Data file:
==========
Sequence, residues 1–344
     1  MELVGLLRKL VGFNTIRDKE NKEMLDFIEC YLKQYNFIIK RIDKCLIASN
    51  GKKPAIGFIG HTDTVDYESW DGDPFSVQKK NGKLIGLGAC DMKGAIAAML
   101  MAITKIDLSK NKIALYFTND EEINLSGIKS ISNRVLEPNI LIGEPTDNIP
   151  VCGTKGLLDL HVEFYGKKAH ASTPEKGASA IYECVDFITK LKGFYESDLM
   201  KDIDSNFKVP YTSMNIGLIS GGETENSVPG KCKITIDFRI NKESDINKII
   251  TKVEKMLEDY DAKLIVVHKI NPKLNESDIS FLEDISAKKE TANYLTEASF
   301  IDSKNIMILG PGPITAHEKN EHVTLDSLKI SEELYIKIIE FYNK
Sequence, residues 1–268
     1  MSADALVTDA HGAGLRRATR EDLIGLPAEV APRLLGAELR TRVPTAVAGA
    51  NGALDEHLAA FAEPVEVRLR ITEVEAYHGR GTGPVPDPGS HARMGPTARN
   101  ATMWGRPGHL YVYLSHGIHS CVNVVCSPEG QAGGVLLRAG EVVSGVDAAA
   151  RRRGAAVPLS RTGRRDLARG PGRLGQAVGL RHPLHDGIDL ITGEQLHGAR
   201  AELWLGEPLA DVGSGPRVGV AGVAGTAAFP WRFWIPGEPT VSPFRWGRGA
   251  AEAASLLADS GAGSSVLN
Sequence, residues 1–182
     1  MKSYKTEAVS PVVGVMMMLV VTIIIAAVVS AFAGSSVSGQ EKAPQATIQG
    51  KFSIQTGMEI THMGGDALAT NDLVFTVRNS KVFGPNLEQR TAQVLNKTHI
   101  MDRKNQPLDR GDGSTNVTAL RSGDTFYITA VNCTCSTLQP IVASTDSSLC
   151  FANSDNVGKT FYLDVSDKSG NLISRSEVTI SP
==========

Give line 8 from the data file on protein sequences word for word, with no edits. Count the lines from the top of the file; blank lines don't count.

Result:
   301  IDSKNIMILG PGPITAHEKN EHVTLDSLKI SEELYIKIIE FYNK